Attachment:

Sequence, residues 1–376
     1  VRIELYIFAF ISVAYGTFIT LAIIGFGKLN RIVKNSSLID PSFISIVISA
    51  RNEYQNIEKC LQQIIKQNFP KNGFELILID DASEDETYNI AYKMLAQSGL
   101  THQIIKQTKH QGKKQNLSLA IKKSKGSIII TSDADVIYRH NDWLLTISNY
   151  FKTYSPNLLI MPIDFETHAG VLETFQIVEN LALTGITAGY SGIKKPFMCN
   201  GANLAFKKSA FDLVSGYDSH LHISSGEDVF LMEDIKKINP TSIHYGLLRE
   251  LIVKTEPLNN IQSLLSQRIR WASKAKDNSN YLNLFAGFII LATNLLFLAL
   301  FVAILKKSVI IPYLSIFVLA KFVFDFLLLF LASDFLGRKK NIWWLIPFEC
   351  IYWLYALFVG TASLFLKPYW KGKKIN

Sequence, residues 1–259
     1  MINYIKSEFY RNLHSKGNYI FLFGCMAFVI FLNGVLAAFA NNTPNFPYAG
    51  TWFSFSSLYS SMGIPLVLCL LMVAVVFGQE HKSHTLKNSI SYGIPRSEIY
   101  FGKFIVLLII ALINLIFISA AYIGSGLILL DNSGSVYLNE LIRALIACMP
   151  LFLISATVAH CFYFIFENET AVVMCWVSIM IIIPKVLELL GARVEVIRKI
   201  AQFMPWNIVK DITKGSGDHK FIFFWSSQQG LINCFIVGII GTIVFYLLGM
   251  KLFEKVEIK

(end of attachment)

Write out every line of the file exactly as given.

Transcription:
Sequence, residues 1–376
     1  VRIELYIFAF ISVAYGTFIT LAIIGFGKLN RIVKNSSLID PSFISIVISA
    51  RNEYQNIEKC LQQIIKQNFP KNGFELILID DASEDETYNI AYKMLAQSGL
   101  THQIIKQTKH QGKKQNLSLA IKKSKGSIII TSDADVIYRH NDWLLTISNY
   151  FKTYSPNLLI MPIDFETHAG VLETFQIVEN LALTGITAGY SGIKKPFMCN
   201  GANLAFKKSA FDLVSGYDSH LHISSGEDVF LMEDIKKINP TSIHYGLLRE
   251  LIVKTEPLNN IQSLLSQRIR WASKAKDNSN YLNLFAGFII LATNLLFLAL
   301  FVAILKKSVI IPYLSIFVLA KFVFDFLLLF LASDFLGRKK NIWWLIPFEC
   351  IYWLYALFVG TASLFLKPYW KGKKIN

Sequence, residues 1–259
     1  MINYIKSEFY RNLHSKGNYI FLFGCMAFVI FLNGVLAAFA NNTPNFPYAG
    51  TWFSFSSLYS SMGIPLVLCL LMVAVVFGQE HKSHTLKNSI SYGIPRSEIY
   101  FGKFIVLLII ALINLIFISA AYIGSGLILL DNSGSVYLNE LIRALIACMP
   151  LFLISATVAH CFYFIFENET AVVMCWVSIM IIIPKVLELL GARVEVIRKI
   201  AQFMPWNIVK DITKGSGDHK FIFFWSSQQG LINCFIVGII GTIVFYLLGM
   251  KLFEKVEIK